Direct LDL Most Popular

The Direct LDL test contains 1 test with 1 biomarker.

Description: Direct LDL is a blood test that measures LDL cholesterol in your blood’s serum to determine risk of heart  disease.

Also Known As: Direct LDL-C Test, Direct LDL Cholesterol Test, DLDL Test, LDL D Test

Collection Method: Blood Draw

Specimen Type: Serum

Test Preparation: If an LDL-cholesterol measurement is to be performed along with triglycerides, the patient should be fasting 9-12 hours prior to collection

When is a Direct LDL test ordered?

When calculating LDL cholesterol is impossible due to a considerable increase in triglycerides, a direct LDL-C test is ordered. A doctor may order it if previous tests have revealed elevated triglyceride levels. When triglyceride levels are too high to calculate LDL-C, certain laboratories will automatically do this direct LDL test. This saves the doctor time by avoiding the need to order another test, the patient time by avoiding the need for a second blood sample, and the time it takes to get the test results.

What does a Direct LDL blood test check for?

The direct low-density lipoprotein cholesterol test determines the amount of LDL cholesterol in the blood, also known as "bad" cholesterol. LDL-C levels beyond a certain threshold are linked to an increased risk of artery hardening and heart disease. The amount of LDL-C is usually determined using readings from a typical lipid profile. This is a good estimate of LDL-C in most circumstances, although it becomes less accurate as triglyceride levels rise. When triglycerides are high, direct measurement of LDL-C is less impacted by them and can be employed.

Lab tests often ordered with a Direct LDL test:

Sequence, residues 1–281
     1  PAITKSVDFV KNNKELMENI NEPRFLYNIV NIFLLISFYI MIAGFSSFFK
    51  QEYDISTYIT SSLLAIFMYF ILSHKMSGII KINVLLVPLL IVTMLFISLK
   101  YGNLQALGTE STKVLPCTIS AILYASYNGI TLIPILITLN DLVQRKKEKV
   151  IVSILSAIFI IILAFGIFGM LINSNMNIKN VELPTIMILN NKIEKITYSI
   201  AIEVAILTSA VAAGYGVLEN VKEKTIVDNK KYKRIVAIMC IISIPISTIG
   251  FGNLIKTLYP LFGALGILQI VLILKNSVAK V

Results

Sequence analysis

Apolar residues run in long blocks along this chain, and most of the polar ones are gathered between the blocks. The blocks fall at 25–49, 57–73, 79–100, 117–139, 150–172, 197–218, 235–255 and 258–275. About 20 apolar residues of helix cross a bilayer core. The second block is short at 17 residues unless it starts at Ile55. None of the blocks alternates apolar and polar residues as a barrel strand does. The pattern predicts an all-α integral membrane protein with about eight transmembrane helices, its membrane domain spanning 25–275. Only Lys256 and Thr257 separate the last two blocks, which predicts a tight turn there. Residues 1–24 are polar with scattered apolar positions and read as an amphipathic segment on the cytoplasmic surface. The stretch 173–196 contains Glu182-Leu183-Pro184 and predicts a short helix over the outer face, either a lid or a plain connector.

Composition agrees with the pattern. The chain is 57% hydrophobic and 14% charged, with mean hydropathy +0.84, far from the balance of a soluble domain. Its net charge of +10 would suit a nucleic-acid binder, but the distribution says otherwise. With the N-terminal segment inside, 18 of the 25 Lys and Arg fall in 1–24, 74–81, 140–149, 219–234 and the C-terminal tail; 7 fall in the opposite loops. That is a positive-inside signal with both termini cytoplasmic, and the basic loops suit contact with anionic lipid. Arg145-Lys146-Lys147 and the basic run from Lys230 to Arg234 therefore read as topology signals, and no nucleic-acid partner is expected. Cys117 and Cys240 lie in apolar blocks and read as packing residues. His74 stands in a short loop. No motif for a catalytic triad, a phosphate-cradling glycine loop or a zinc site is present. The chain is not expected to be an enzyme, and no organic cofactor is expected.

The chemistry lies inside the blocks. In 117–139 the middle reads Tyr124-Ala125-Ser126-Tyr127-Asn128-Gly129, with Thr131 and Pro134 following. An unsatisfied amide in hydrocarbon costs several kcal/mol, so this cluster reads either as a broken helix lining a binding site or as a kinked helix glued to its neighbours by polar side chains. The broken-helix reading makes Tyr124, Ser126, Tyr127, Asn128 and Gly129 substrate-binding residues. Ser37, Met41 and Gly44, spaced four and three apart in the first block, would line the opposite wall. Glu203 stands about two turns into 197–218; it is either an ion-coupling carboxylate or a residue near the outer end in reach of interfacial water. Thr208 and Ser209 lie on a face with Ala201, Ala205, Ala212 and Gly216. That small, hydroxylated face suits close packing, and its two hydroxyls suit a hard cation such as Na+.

• LDL Cholesterol
  • Lipid Panel
  • Total Cholesterol
  • Triglycerides
  • HDL Cholesterol
  • Apolipoprotein B
  • Apolipoprotein A1
  • Lipoprotein Fractionation Ion Mobility

Conditions where a Direct LDL test is recommended:

  • Heart Disease
  • Coronary Artery Diseases

How does my health care provider use a Direct LDL test?

Low density lipoprotein cholesterol levels are commonly used to determine a person's risk of heart disease or to monitor their response to cholesterol-lowering medication. Total cholesterol, high-density lipoprotein cholesterol, and triglycerides are all assessed in a conventional lipid profile. The amount of cholesterol present in low-density lipoprotein can be calculated using a mathematical calculation based on the three observed values. The calculated LDL-C value is often included in the lipid profile. The calculation is no longer applicable when triglycerides are high. The only way to precisely determine LDL-C in this case is to measure it directly.

A metabolic disease affecting lipids could cause high triglycerides. After eating, though, anyone can have high triglycerides. The direct LDL-C test can identify the amount of LDL in a person's blood in either condition.

What do my Direct LDL test results mean?

Increased LDL levels, as determined by the direct LDL-C test, suggest a higher risk of heart disease. Reduced levels imply a reduction in the risk of heart disease as a result of lipid-lowering lifestyle adjustments and/or pharmacological therapy.

Low LDL levels are usually not a cause for worry and are not monitored. They can appear in persons who have a hereditary lipoprotein insufficiency, as well as in people who have hyperthyroidism, infection, or inflammation.

We advise having your results reviewed by a licensed medical healthcare professional for proper interpretation of your results.

The following is a list of what is included in the item above. Click the test(s) below to view what biomarkers are measured along with an explanation of what the biomarker is measuring.

Also known as: Cholesterol, LDL, LDL, LDL Cholesterol, Direct, Low Density Lipoprotein

Direct LDL

The test for low-density lipoprotein cholesterol (LDL-C) is used as part of a lipid profile to predict an individual's risk of developing heart disease. The LDL cholesterol is considered the most important form in determining risk of heart disease. LDL values amy be used to monitor levels after the start of diet or exercise programs or to determine whether or not prescribing one of the lipid-lowering drugs, such as statins, would be useful.
*Process times are an estimate and are not guaranteed. The lab may need additional time due to weather, holidays, confirmation/repeat testing, or equipment maintenance.

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